Blume is also an advocate for teachers reading aloud to their students. She gets an uncountable amount of mail from students and adults whose teachers read aloud to them. Blume herself has specific memories of being read aloud to by her teachers. Blume believes that if teachers would take the time to introduce good books to students, perhaps there would not be as many reluctant readers.
Though light in tone, many of Judy Blume's books deal with difficult issues for children, including questioning the existence of God, friendship, religion, divorce, body image, and sexuality. However, Blume has stated that she does not set out to tackle these issues when writing. She begins with a character, or sometimes a character and a situation.
Fans of Blume's novels have praised her use of real-life settings, ambivalent endings, and gentle humor. Her allegedly ambiguous treatment of moral issues made her at one time a regular target of school library censors and the Religious Right. Her books are still often challenged in school libraries. In fact, Forever was the second most challenged book of 2005, according to the American Library Association. In an interview with Publisher's Weekly, Blume states that the fear of censorship can be contagious. In another interview, Blume tells Judy Freeman, children's literature consultant and author, that the sadness came from a sadness for children who may not be allowed to read banned books. She said, "It says to them, 'There's something in this book we don't want you to know about, something we don't want to discuss with you.'" She is recognized as one of the most banned children's authors in the United States which eventually led her to edit a collection of short stories about censorship (Places I Never Meant to Be). Despite ardent attempts at censorship, Blume's young adult novels and books for children have sold 80 million copies worldwide.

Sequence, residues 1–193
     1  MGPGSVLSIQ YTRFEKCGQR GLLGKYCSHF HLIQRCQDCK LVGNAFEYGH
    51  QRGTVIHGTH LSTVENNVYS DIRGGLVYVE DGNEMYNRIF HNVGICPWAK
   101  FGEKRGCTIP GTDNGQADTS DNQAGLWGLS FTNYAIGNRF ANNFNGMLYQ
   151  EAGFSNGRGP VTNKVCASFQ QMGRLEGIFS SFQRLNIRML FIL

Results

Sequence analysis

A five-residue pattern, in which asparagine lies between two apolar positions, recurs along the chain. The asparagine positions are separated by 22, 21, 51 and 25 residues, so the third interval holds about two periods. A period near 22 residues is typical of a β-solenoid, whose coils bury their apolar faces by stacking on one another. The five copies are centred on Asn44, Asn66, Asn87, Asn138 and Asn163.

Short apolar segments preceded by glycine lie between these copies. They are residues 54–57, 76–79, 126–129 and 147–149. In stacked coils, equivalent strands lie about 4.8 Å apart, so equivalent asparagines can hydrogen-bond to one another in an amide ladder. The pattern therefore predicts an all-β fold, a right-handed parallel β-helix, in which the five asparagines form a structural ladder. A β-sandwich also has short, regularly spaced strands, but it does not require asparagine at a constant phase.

In her efforts to preserve for young readers intellectual freedom in literature, Blume joined the National Coalition Against Censorship, which comprises fifty not-for-profit organizations that come together to fight censorship. Judy Blume has also founded or is closely affiliated with several other organizations regarding children’s literature and censorship, including, The Kids Fund, The Authors Guild (she serves, in 2010, as the group's vice president), the Society of Children's Book Writers and Illustrators, and the Key West Literary Seminar. Blume is also the editor for a collection of short stories, Places I Never Meant To Be, Original Stories by Censored Writers. Blume also tells Freeman that censorship is not getting any better. There has been a rise in challenged books over the years. Blume urges teachers and writers who feel passionately about censorship to speak out and share their voice on the subject.
On August 15, 1959, she married John Blume whom she had met while a student at New York University; the wedding was held in the summer of her sophomore year of college. He later worked as a lawyer, while she briefly supported her family as a homemaker before pursuing teaching and writing. The Blumes had two children: Randy Lee, an airline pilot (born 1961), and Lawrence Andrew, a filmmaker (born 1963). The couple separated in 1975 and were legally divorced by 1976. Blume would later describe the marriage as "suffocating".
Shortly after her separation, she met Thomas A. Kitchens, a physicist. The couple married in 1976, and Kitchens moved them to New Mexico for his work. They divorced in 1978. She later spoke up about their split: "It was a disaster, a total disaster. After a couple years, I got out. I cried every day. Anyone who thinks my life is cupcakes is all wrong."
A mutual friend introduced her to George Cooper, a former law professor, now non-fiction writer. Blume and Cooper were married in 1987. Cooper has an only child from a previous marriage, a daughter named Amanda. They currently reside in Key West.